Advancing current breeding strategies with digital plant phenotyping
The breeding process is never going to be instantaneous and the burning question now is if we are at the point where the speed of breeding is fast enough to keep up with the speed of change we are seeing in the environment.
We need to develop faster methods: if you could screen a phenotype in as high a throughput as you can with genotype screening, progress would become much faster.
You can do the marker assisted breeding and genetic analysis to understand what’s going on but that’s only half the story. There is still the need to grow the plant up and assess how it behaves in the environment you are subjecting it to, to see if it really has the characteristics you were aiming for. In the end, you still need to screen thousands of plants to fully understand what is happening, and that is where digital phenotyping comes into its own.
There are a few phenotyping platforms capable of doing just that kind of high throughput scale, but they are few and far between and generally difficult to access for those on the ground doing the work, it tends to be more for research facilities. However, at CHAP, we have just this type of equipment available, along with the expertise to use it to its fullest capabilities, available for use by anyone with a viable project idea.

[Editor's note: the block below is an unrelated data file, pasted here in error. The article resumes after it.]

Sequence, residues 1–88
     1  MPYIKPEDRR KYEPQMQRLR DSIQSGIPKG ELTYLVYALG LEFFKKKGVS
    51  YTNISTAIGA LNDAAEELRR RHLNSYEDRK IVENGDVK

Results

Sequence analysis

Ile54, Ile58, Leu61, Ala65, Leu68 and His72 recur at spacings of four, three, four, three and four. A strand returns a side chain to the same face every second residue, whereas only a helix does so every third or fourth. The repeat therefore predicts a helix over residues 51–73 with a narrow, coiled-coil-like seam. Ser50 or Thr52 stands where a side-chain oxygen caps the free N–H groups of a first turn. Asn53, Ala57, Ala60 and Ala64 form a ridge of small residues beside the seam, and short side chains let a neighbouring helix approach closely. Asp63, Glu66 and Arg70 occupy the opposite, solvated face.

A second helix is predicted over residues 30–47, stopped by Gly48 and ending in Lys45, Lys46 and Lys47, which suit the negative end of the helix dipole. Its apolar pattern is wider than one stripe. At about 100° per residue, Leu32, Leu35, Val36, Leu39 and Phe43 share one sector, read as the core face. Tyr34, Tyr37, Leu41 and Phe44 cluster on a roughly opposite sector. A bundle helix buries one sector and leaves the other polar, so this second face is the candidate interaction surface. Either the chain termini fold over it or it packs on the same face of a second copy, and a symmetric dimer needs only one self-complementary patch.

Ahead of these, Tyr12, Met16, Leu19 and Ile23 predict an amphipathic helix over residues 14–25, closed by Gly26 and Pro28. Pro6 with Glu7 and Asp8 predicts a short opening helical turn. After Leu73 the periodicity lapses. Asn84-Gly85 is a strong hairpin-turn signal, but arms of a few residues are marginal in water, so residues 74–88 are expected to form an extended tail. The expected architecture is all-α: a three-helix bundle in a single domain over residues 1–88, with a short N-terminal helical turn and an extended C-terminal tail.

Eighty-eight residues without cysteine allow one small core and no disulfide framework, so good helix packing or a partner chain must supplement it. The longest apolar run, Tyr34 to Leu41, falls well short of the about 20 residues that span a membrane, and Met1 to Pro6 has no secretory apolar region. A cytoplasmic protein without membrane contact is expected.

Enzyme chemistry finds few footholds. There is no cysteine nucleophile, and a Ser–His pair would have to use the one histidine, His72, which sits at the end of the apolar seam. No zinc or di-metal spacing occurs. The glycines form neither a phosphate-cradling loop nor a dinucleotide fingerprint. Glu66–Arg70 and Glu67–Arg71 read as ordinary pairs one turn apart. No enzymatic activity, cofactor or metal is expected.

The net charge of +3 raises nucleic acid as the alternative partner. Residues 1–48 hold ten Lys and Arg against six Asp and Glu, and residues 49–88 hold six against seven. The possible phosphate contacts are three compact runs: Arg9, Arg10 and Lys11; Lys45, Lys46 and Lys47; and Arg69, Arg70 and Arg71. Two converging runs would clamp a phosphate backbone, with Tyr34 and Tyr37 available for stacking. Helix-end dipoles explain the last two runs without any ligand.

Different plants need to be assessed in different ways, so we need to select the most appropriate digital phenotyping method for the particular crop. For example, if you are growing a cabbage, your main focus is going to be how big are the leaves, how big is it going to grow, how tough does it get depending on the time of harvest, as well as thinking about pests and diseases. This could be done using cameras, mounted on tractors or drones in the field or on gantries in the glasshouse.
Alternatively, if you are looking at a different crop, say a parsnip, your interest is in the root underground. That can be more difficult to measure, you would have to dig it up and inspect on a regular basis. It would be more challenging to carry out regular imaging of roots that are in soil, in the field. However, CHAP’s Plant Phenotyping and Soil Health Facility at Cranfield University not only has a digital phenotyping gantry for above-ground monitoring, it also has access to root monitoring equipment, which would be useful in this scenario.
Ultimately, it would depend on what aspects are important to that particular grower or breeder.
A lot of breeding is still done by the naked eye and crop walking, and these rely heavily on the experience of the breeder and is time consuming. We need to find a way to implement a phenotyping algorithm that could rapidly identify a crop’s desired traits. This would provide much more rigorous and repeatable crop consistency.
However, the breeders experience and ‘feel’ for the work, will still be critical as the technology will still miss things and won’t be able to replicate the nuance or see the potential of phenotypes that don’t fit into the programme in question.
To find out more about how CHAP can help to take your crop breeding to another level, see also Digital Phenotyping Lab.